So what do I believe now? I believe we can find answers in prayer, research, and introspection, but I don’t think we can assume that any book holds all the answers we’ll ever need. Only God does. A lot of people seem to worship the Bible as an all-knowing god in itself, rather than a vessel through which God communicates. Many worship their church, instead of using their church as an avenue for worship. I don’t actually equate doubting the Bible or doubting a church to doubting God. The Bible tells us to test all things by Scripture, so I tested Scripture by other Scripture. In doing this, I discovered that much of it doesn’t hold its own weight. I’m currently compiling a list of every single internal contradiction and inconsistency that I can find, both in the Old Testament and the new. I have filled up almost an entire notebook with what I’ve found. Once again, these are not careless assumptions. I’ve prayed over this and researched more than anyone can know. I’ve read and reread, and looked at it from every angle I can think of.

        Does this mean that I no longer believe in Jesus? No, it doesn’t mean that. I believe in Him because of my own experiences (expanded upon in earlier notes.) I believe in Him because the Old Testament includes quite a few Messianic prophecies that were later fulfilled. Before I studied the history of Judeo-Christianity, I didn’t know that the Old and New Testaments were written thousands of years apart. I thought they were all penned throughout the same time period, which would have made it less significant that those prophecies were later fulfilled, since anyone could write a story in which they include a “prophecy” and then detail the fulfillment of it later on. At the same time, some of the OT prophecies which were applied to Jesus didn’t really seem to be about him, or seemed to be self-fulfilling. In essence, I believe in the divinity of Jesus but not in the majority of revelation. From research into earlier manuscripts, I learned that not all of the stories about Jesus were originally included. I believe in the basic concept of Him and in the root of His teachings, but don’t believe every single thing that is written about Him or all the quotes which are attributed to Him.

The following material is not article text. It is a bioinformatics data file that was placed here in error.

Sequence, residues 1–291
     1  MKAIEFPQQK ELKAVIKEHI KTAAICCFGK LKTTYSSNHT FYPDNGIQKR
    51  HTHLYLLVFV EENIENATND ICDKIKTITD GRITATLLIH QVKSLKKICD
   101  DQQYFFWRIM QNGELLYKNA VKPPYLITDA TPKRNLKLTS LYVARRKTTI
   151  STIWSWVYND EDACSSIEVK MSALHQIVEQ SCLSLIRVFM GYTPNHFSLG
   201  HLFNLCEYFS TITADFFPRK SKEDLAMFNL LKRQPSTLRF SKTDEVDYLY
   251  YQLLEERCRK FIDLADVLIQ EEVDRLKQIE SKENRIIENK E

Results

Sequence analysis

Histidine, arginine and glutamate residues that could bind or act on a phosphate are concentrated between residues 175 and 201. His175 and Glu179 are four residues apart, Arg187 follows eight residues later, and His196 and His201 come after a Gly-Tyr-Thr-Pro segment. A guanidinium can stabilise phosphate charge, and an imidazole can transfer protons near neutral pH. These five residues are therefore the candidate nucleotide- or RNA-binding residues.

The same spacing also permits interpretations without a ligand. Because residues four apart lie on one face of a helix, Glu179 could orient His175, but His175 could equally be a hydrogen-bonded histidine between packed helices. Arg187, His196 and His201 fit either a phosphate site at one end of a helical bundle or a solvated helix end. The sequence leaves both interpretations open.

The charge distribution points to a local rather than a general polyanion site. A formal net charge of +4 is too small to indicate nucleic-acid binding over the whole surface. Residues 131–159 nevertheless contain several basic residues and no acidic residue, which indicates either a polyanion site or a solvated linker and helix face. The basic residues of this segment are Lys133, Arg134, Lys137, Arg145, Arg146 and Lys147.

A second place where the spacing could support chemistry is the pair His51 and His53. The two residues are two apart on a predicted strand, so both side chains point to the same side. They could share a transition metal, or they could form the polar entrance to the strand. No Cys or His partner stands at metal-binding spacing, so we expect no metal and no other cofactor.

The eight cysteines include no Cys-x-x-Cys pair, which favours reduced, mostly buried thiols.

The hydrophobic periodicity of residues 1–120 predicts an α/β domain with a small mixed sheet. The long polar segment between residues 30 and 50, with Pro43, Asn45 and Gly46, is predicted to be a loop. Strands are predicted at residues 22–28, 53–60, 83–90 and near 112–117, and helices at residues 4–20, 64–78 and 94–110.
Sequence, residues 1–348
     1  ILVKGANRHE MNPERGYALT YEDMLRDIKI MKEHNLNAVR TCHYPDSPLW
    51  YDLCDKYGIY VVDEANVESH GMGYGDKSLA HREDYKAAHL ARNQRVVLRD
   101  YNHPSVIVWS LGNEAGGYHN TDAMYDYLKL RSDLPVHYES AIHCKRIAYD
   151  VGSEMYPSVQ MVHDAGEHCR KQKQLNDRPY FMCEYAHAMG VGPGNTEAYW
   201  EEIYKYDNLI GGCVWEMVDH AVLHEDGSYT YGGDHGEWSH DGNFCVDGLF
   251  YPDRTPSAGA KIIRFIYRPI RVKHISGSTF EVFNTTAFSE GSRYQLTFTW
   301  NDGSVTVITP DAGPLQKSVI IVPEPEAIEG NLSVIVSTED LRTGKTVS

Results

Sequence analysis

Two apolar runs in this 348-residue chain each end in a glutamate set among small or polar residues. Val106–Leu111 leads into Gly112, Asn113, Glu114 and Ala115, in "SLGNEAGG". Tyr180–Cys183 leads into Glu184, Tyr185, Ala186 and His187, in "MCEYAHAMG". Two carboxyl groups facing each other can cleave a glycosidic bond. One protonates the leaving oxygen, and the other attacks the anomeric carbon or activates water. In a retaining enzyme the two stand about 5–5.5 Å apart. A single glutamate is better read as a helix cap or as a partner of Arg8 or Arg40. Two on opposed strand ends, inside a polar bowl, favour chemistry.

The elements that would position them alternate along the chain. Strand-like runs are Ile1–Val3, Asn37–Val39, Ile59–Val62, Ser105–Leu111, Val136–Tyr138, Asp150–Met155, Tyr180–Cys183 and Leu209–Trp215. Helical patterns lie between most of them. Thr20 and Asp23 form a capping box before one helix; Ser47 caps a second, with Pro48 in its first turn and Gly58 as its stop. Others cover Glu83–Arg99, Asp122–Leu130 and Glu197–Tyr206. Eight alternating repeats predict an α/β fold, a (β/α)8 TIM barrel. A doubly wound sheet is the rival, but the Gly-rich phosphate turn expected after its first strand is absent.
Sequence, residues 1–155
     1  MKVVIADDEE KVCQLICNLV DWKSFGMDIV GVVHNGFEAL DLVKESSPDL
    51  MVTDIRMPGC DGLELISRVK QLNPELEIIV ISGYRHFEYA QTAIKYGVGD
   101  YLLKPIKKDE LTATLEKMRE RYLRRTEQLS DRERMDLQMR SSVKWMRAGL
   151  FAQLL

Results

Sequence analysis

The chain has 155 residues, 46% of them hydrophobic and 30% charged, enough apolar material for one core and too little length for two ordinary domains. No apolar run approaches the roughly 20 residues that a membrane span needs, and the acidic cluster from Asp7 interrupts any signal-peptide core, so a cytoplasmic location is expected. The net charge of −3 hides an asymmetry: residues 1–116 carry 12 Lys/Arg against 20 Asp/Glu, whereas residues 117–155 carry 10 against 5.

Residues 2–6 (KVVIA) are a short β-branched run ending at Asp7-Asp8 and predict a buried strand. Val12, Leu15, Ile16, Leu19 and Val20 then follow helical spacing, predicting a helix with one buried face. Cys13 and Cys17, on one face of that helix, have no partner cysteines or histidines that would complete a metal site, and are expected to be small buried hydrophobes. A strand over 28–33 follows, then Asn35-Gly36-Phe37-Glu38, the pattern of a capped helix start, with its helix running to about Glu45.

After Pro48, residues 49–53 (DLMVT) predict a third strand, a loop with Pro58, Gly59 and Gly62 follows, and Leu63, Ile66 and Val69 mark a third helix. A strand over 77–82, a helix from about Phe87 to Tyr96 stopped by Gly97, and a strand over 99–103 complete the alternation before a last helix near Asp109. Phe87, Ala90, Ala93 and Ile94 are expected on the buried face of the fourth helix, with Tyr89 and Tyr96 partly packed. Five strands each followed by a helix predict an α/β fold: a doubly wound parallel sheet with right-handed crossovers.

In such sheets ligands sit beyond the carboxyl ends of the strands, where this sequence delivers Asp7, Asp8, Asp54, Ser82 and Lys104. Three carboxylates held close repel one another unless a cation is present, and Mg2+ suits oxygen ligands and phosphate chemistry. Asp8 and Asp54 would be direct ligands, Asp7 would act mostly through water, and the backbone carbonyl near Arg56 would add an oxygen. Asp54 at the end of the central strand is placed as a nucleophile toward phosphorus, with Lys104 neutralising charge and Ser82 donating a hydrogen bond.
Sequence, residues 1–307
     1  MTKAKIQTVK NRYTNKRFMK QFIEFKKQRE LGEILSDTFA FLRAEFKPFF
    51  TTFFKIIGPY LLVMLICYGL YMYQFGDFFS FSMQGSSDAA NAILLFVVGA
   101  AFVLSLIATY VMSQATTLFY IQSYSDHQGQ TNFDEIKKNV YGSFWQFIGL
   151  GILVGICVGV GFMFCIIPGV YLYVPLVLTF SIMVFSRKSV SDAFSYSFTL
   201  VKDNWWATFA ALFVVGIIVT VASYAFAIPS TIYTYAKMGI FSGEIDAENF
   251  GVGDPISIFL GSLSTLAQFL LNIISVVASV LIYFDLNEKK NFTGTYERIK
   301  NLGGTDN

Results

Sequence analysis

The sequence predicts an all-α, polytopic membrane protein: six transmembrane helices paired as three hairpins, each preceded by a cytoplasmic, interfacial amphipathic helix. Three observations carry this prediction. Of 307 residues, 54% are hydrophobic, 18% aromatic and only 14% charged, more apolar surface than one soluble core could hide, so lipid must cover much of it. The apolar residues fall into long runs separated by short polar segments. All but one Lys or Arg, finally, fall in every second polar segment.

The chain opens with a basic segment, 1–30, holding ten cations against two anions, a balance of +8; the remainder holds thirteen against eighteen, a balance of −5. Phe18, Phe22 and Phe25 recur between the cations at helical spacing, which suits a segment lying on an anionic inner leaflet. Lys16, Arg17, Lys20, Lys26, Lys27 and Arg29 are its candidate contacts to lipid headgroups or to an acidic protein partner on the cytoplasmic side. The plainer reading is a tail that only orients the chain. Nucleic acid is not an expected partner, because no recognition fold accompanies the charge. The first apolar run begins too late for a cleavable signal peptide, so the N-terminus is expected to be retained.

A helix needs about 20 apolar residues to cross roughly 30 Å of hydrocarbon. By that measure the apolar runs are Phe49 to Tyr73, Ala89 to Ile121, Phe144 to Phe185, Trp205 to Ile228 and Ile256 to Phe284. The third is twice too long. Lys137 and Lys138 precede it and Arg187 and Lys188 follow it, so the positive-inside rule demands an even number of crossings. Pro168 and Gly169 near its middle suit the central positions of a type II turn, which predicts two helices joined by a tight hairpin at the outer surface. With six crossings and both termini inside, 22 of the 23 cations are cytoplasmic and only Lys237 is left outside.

As to as the writings of the prophets and Apostles, I don’t believe everything they say God had told them. No, I am not calling them liars. I think they fully believed what they were saying, and wholeheartedly thought that God was speaking through them. The fact that they passionately believed what they were saying doesn’t prove that it’s true or divinely inspired, though. Two people of completely different spiritual views can both believe that God spoke to them. One can think they are receiving prophetic visions, but really be experiencing hallucinations.

        An interesting fact: the majority of diagnosed schizophrenic people who have auditory or visual hallucinations believe them to be messages from God. A Christian could argue that the “visions” are proven genuine if they’re consistent with the Bible, but several different facts refute this argument. First, a lot of different peoples’ delusions mirror one another, whether Biblically related or not. A great deal of delusions share similar themes: the belief that one’s phone is bugged, that the CIA is spying on them, or that they are a famous public figure. These ideas can be empirically disproven. Thus, the fact that they are common does not mean they’re true.